The Oscar-nominated film ‘CODA’, in which a hearing child of deaf parents pursues a passion for singing, is being developed into a musical by Deaf West Theater, a highly regarded Los Angeles nonprofit with a strong track record in the field of music. field of musicals. theater.
The project, which does not yet have a creative team or production calendar, is a joint venture between the theater and two of the companies that produced the film, Vendôme Pictures and Pathé Films.
Written and directed by Sian Heder, “CODA” has been nominated for three Academy Awards, including Best Picture. The film is about a high school student who is torn between helping her family, who run a fishing boat, and pursuing a renewed interest in singing; she is the only hearing member of her family. (CODA is an acronym for child of deaf adult.)
“‘CODA’ is unique across the movie canon because it shows us in our natural environment: between the world at large and beneath our own, often at home or in private settings,” DJ Kurs, Deaf West’s Artistic Director , wrote in an email interview. “As a deaf person, I knew from the start that ‘CODA’ would be a perfect musical: it explores our relationship with music and how we move through the world of sound as immigrants in a foreign country, introducing new, seemingly random learn rules about the fly.”
Founded in 1991, Deaf West is the nation’s most prominent theater focusing on what it calls “Deaf-centered storytelling,” and productions are generally performed in both American Sign Language and English spoken by casts with deaf and hearing artists.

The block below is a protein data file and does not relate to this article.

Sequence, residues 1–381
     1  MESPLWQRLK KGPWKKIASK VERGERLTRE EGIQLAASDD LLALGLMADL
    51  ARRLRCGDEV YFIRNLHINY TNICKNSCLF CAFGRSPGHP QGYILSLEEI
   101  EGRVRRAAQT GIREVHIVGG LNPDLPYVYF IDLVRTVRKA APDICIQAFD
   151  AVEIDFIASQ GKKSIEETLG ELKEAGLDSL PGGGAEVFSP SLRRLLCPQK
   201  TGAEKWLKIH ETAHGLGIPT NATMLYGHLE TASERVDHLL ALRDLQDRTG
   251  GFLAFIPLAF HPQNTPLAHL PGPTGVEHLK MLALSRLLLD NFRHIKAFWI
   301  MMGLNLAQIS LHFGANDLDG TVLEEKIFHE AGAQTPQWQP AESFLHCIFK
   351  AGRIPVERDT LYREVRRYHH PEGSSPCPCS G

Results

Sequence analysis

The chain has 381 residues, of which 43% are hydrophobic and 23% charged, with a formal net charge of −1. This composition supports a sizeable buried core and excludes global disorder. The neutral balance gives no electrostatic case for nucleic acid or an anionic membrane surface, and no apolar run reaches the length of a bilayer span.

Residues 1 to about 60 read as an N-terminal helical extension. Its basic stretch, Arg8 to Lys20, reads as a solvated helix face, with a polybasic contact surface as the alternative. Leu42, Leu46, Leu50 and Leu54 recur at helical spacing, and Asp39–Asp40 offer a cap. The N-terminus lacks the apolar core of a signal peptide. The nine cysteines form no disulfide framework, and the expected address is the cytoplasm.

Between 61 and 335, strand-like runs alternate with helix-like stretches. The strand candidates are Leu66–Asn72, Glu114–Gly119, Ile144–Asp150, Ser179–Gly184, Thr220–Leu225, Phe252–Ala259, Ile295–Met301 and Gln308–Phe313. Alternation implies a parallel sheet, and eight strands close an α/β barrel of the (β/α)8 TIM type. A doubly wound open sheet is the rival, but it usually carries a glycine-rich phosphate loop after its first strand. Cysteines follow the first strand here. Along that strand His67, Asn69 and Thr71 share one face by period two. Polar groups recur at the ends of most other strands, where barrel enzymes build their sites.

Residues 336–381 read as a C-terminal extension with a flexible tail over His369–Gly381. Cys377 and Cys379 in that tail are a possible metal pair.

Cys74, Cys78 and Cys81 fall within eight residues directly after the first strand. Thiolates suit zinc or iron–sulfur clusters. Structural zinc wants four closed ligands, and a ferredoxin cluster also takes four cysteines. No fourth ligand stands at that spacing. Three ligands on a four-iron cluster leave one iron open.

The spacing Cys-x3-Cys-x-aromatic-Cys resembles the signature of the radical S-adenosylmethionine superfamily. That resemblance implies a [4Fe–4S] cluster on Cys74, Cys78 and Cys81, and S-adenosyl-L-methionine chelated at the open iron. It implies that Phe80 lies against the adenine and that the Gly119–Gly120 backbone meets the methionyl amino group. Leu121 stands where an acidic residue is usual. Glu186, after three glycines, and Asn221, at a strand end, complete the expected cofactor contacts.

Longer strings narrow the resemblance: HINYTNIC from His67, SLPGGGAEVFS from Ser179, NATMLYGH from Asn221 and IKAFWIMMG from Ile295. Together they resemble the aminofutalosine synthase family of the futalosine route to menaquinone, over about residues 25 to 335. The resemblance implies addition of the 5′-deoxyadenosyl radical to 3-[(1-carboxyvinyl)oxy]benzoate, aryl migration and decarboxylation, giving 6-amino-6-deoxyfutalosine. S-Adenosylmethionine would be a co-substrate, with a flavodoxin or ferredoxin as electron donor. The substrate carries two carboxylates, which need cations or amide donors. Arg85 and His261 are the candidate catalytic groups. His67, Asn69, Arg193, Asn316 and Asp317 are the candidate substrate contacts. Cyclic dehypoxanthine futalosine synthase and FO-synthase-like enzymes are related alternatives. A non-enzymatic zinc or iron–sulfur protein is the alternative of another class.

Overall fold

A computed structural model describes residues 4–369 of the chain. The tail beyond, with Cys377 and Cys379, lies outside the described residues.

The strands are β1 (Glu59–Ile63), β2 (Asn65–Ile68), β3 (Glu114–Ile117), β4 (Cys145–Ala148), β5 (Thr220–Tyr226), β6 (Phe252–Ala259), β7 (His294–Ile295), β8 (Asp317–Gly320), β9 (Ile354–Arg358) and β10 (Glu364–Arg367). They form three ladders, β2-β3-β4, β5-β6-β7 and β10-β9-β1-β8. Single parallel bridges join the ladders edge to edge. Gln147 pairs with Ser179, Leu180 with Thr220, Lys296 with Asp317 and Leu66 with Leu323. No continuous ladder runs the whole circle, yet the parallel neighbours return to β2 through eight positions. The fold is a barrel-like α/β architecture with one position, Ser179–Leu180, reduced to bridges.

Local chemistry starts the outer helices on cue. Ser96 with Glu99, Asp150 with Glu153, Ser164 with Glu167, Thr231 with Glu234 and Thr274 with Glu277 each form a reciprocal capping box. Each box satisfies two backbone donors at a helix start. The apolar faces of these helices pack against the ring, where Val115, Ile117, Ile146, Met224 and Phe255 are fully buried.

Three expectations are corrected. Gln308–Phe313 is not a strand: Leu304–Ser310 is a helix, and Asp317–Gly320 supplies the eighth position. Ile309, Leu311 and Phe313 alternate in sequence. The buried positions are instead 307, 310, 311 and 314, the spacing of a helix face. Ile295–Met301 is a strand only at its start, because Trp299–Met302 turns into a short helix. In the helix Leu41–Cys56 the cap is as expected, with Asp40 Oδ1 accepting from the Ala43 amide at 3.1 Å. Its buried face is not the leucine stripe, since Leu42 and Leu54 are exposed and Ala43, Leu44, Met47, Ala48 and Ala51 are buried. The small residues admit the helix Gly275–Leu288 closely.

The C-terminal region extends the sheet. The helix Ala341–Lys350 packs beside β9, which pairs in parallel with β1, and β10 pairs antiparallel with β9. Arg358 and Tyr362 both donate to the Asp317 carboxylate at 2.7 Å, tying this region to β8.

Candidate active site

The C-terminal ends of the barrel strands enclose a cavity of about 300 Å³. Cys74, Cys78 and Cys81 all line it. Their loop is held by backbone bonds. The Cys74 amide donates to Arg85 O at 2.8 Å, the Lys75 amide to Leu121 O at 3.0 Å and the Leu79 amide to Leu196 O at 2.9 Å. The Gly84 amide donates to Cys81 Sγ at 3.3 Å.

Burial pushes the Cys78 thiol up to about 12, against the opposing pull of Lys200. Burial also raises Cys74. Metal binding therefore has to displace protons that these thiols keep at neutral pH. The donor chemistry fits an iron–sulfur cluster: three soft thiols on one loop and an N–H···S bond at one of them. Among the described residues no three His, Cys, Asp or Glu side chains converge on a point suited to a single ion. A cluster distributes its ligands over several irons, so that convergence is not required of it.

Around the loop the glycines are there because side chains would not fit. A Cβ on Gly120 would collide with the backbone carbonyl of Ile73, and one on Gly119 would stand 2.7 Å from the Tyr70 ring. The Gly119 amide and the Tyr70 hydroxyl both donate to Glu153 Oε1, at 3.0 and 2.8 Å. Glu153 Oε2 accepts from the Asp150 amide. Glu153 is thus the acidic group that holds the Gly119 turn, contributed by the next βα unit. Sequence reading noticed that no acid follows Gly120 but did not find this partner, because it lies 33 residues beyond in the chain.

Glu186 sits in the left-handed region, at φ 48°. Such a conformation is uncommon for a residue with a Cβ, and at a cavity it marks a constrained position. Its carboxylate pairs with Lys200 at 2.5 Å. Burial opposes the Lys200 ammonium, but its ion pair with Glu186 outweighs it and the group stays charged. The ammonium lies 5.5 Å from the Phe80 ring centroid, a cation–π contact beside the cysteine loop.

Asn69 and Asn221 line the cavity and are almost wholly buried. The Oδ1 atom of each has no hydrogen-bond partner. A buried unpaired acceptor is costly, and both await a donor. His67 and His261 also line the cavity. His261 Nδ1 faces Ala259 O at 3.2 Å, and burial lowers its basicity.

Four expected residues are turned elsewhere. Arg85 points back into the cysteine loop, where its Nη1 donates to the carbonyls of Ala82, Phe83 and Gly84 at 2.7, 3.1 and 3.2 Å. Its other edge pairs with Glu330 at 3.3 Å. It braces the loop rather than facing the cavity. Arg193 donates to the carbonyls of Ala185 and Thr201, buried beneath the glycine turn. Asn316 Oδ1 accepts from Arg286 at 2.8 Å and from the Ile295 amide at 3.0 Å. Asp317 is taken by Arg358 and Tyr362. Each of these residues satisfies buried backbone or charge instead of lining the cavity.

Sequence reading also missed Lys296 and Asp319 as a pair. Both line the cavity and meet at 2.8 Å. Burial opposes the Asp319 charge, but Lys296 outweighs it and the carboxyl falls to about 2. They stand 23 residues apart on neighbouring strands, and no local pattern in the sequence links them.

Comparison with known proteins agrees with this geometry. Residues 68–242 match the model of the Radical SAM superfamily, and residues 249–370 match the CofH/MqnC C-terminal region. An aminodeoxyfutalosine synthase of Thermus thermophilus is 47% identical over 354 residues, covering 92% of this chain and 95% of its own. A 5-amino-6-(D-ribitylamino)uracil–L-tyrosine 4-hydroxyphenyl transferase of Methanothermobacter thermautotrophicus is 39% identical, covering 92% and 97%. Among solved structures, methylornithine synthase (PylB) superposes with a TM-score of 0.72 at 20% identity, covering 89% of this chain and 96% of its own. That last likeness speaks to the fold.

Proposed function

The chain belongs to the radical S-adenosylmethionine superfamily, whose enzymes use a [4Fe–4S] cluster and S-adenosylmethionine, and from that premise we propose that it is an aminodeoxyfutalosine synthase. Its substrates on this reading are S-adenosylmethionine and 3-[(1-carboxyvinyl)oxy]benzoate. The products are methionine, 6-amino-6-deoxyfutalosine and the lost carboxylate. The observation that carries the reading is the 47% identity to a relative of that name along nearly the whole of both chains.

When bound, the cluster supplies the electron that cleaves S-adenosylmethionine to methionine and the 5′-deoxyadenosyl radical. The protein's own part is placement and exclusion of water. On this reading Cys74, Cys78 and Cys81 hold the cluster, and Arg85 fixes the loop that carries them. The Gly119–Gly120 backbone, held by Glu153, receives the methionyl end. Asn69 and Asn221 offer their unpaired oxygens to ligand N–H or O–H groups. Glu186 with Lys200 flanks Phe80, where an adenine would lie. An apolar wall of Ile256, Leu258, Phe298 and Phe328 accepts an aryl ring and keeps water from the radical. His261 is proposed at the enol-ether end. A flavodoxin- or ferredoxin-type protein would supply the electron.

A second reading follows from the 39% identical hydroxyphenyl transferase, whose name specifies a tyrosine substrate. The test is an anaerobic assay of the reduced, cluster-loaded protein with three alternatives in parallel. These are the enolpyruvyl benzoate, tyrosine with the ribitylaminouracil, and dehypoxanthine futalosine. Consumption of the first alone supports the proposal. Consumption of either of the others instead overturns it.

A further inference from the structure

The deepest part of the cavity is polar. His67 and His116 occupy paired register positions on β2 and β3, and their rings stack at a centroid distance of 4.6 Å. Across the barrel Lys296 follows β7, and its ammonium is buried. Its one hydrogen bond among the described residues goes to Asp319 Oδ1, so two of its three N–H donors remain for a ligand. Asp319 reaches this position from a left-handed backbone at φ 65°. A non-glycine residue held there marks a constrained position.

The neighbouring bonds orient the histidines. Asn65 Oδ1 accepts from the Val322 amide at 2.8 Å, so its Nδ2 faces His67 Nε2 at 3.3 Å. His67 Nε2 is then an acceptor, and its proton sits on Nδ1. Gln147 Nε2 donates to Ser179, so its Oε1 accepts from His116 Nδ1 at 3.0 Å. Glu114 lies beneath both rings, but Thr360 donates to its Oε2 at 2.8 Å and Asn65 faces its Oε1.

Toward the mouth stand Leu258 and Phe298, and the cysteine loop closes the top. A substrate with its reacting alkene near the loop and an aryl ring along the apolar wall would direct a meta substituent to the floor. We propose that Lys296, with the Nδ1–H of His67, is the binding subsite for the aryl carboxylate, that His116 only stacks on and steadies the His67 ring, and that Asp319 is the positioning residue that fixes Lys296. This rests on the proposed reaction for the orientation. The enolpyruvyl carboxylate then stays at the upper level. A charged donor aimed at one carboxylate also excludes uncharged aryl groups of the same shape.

The theater has previously staged five musicals, including two revivals that were transferred to Broadway, “Big River” in 2003 and “Spring Awakening” in 2015. Both were nominated for Tony Awards. “CODA” would be the second musical created by the company; the first was “Sleeping Beauty Wakes Up” in 2007.
“Professional musical theater was largely inaccessible to our community until our production of ‘Big River’ was staged in larger homes in LA and NY,” Kurs wrote. “Now we have music theater enthusiasts in our community, and that’s great. I bet that the art form of signed music theater is still in its infancy.”
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One of the film’s producers, Philippe Rousselet, said the filmmakers had been approached about stage rights years ago, when they were working on 2014’s French precursor, “La Famille Bélier”. Rousselet, the founder, chairman and chief executive of Vendôme Group, said the producers chose to prioritize the American remake first, then, after forging a relationship with Deaf West, decided to partner with that company. working on what would become Vendôme’s. first phase project.
“It was an obvious choice for us to work with them to make the musical — they know what we don’t know, and we trust them,” Rousselet said. “It will be a new adventure for us. But I think it has everything – the characters, the music, the beautiful setting – to make a beautiful musical.”
There are many connections between “CODA” and Deaf West; three cast members from the film, including Oscar nominee Troy Kotsur, as well as Daniel Durant and Marlee Matlin, have appeared on the company’s shows.
Kurs said he hoped to stage an initial production of “CODA” within two years.